The single issue that Davis raises on appeal is whether the district court properly refused to remand her complaint to the state court on the ground that federal labor law preempts her state claims. While Davis acknowledges that a claim for breach of a collective-bargaining agreement is exclusively a question of federal law under § 301 of the LMRA, she argues that her claim for breach of the settlement agreement is an independent state law claim because “the terms of the [settlement agreement] did not rely upon the interpretation of any term or provision of the collective-bargaining agreement.” In an effort to separate her claim from the collective-bargaining agreement, Davis notes that in the settlement agreement she agreed to dismiss the grievance filed under the collective-bargaining agreement and to waive any “grievance rights” if she violated the settlement agreement.
The particular question that Davis' appeal raises-whether claims for breach of a settlement agreement entered into pursuant to the grievance procedure of a collective-bargaining agreement are preempted by § 301 of the LMRA-has not previously been addressed by our court.
The applicable legal principles are not disputed. Section 301 of the LMRA provides that suits for violation of collective-bargaining agreements may be filed in federal court. See 29 U.S.C. § 185(a). And it is well established that § 301 provides federal courts not only with jurisdiction but also with the duty of developing a federal common law of labor rights. See Allis-Chalmers Corp. v. Lueck, 471 U.S. 202, 209, 105 S.Ct. 1904, 1910, 85 L.Ed.2d 206 (1985); Textile Workers Union v. Lincoln Mills, 353 U.S. 448, 456, 77 S.Ct. 912, 917-18, 1 L.Ed.2d 972 (1957). To ensure uniform interpretation of collective-bargaining agreements and to protect the power of arbitrators, § 301 has been found to “displace entirely any state cause of action ‘for violation of contracts between an employer and a labor organization.’ ” Franchise Tax Bd. v. Construction Laborers Vacation Trust, 463 U.S. 1, 23, 103 S.Ct. 2841, 2853, 77 L.Ed.2d 420 (1983). Accordingly, “state law does not exist as an independent source of private rights to enforce collective-bargaining contracts.” Caterpillar, Inc. v. Williams, 482 U.S. 386, 394, 107 S.Ct. 2425, 2430, 96 L.Ed.2d 318 (1987) (citation omitted). Moreover, the Supreme Court has refused to allow artful pleading to circumvent the power of § 301's preemptive force. Form is not to triumph over substance as employees relabel contract claims as claims for tortious breach of a contract. See Allis-Chalmers, 471 U.S. at 211, 105 S.Ct. at 1911. Under this “complete pre-emption corollary to the well-pleaded complaint rule,” Caterpillar, 482 U.S. at 393, 107 S.Ct. at 2430, it follows that a purportedly state law claim, the resolution of which depends substantially upon the analysis of a collective-bargaining agreement's terms, must either be treated as a claim under § 301 or be dismissed as preempted under federal labor law. See Allis-Chalmers, 471 U.S. at 220, 105 S.Ct. at 1915-16.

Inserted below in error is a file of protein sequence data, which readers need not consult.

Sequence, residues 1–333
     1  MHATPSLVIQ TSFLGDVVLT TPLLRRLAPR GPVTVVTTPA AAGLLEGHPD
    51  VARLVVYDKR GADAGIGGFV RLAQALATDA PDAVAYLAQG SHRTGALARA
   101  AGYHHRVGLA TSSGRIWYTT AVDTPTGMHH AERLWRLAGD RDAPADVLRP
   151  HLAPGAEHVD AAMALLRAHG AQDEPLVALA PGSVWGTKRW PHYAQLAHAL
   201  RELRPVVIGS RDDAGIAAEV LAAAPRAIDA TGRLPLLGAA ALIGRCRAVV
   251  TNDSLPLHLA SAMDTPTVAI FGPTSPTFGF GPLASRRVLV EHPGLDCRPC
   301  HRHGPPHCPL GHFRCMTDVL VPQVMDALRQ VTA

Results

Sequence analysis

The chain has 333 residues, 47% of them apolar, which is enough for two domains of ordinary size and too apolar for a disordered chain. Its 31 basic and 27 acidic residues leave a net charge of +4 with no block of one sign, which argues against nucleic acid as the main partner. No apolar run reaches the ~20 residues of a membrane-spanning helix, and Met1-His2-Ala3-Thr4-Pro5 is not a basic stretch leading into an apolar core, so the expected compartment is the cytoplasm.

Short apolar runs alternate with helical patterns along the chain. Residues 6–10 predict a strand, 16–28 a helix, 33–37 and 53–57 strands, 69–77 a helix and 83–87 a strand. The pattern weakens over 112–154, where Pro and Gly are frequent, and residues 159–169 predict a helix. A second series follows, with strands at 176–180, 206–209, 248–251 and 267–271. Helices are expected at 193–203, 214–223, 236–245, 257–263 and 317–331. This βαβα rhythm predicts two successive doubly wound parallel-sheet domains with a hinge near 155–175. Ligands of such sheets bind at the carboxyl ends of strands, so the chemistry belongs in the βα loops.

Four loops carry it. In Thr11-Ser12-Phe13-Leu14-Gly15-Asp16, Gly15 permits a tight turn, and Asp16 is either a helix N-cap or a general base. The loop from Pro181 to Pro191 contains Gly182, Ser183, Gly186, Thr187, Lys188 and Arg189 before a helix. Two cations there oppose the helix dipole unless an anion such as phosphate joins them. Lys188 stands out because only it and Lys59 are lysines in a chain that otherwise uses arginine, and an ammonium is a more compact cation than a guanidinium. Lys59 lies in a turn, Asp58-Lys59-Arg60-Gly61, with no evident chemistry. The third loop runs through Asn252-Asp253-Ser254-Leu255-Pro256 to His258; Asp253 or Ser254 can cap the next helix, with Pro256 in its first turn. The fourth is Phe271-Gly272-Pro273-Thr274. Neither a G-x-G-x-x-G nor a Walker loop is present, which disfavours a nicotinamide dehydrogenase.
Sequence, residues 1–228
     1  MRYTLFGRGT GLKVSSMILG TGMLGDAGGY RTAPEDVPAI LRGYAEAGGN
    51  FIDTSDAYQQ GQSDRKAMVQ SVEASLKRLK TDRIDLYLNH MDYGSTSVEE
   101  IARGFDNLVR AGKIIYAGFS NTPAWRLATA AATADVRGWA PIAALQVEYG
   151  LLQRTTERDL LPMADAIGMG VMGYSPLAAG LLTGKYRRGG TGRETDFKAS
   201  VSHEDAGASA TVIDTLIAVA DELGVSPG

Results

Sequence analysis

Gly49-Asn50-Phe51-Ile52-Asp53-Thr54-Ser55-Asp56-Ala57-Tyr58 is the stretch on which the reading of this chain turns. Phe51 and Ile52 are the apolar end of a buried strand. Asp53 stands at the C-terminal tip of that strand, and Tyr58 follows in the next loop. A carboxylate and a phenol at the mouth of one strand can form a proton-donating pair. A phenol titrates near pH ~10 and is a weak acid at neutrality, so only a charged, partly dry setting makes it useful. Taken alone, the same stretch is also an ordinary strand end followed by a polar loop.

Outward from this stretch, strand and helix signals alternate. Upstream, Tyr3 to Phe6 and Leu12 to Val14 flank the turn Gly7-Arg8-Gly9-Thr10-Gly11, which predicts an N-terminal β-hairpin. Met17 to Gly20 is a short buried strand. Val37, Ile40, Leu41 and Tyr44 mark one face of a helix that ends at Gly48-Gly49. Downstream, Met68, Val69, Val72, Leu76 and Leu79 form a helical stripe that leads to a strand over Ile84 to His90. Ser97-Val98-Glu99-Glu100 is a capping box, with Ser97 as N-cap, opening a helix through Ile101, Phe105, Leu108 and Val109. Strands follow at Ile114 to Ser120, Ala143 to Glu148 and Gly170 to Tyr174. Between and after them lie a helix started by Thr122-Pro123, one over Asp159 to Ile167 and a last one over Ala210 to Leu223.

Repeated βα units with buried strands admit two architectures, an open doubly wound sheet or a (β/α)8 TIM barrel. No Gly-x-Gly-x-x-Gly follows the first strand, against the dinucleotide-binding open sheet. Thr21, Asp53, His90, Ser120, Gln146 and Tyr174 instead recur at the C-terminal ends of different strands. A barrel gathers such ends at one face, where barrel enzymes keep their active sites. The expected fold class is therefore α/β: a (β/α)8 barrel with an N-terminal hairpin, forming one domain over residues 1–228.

While § 301 does not preempt “nonnegotiable rights conferred on individual employees as a matter of state law,” Livadas v. Bradshaw, 512 U.S. 107, 123, 114 S.Ct. 2068, 2078, 129 L.Ed.2d 93 (1994), § 301 preemption does occur when resolution of a state claim “is inextricably intertwined with consideration of the terms of the labor contract,” Allis-Chalmers, 471 U.S. at 213, 105 S.Ct. at 1912, or, as the Court expressed in an alternative formulation, when application of state law to a dispute “requires the interpretation of a collective-bargaining agreement,” Lingle v. Norge Div. of Magic Chef, Inc., 486 U.S. 399, 413, 108 S.Ct. 1877, 1885, 100 L.Ed.2d 410 (1988). Accordingly, “it is the legal character of a claim, as ‘independent’ of rights under the collective-bargaining agreement (and not whether a grievance arising from 'precisely the same set of facts' could be pursued) that decides whether a state cause of action may go forward.” Livadas, 512 U.S. at 123-24, 114 S.Ct. at 2078 (internal citation omitted).